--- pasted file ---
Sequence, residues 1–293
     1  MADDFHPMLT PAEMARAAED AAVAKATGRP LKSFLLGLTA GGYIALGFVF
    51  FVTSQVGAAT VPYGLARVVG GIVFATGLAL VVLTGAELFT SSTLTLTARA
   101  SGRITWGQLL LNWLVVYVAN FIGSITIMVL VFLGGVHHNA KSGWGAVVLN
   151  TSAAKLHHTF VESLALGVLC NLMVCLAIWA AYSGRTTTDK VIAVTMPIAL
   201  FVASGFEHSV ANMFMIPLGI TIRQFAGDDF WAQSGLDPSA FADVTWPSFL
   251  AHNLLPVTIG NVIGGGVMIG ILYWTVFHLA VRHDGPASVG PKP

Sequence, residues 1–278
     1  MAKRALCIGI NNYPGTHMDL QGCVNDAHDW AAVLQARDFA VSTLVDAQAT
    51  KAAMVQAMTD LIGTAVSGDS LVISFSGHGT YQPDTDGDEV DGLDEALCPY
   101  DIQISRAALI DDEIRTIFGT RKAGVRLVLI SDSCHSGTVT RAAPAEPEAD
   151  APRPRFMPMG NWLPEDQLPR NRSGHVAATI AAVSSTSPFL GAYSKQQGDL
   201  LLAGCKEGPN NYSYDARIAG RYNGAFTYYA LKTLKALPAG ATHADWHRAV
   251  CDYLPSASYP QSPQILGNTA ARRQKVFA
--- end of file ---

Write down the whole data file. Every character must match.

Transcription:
Sequence, residues 1–293
     1  MADDFHPMLT PAEMARAAED AAVAKATGRP LKSFLLGLTA GGYIALGFVF
    51  FVTSQVGAAT VPYGLARVVG GIVFATGLAL VVLTGAELFT SSTLTLTARA
   101  SGRITWGQLL LNWLVVYVAN FIGSITIMVL VFLGGVHHNA KSGWGAVVLN
   151  TSAAKLHHTF VESLALGVLC NLMVCLAIWA AYSGRTTTDK VIAVTMPIAL
   201  FVASGFEHSV ANMFMIPLGI TIRQFAGDDF WAQSGLDPSA FADVTWPSFL
   251  AHNLLPVTIG NVIGGGVMIG ILYWTVFHLA VRHDGPASVG PKP

Sequence, residues 1–278
     1  MAKRALCIGI NNYPGTHMDL QGCVNDAHDW AAVLQARDFA VSTLVDAQAT
    51  KAAMVQAMTD LIGTAVSGDS LVISFSGHGT YQPDTDGDEV DGLDEALCPY
   101  DIQISRAALI DDEIRTIFGT RKAGVRLVLI SDSCHSGTVT RAAPAEPEAD
   151  APRPRFMPMG NWLPEDQLPR NRSGHVAATI AAVSSTSPFL GAYSKQQGDL
   201  LLAGCKEGPN NYSYDARIAG RYNGAFTYYA LKTLKALPAG ATHADWHRAV
   251  CDYLPSASYP QSPQILGNTA ARRQKVFA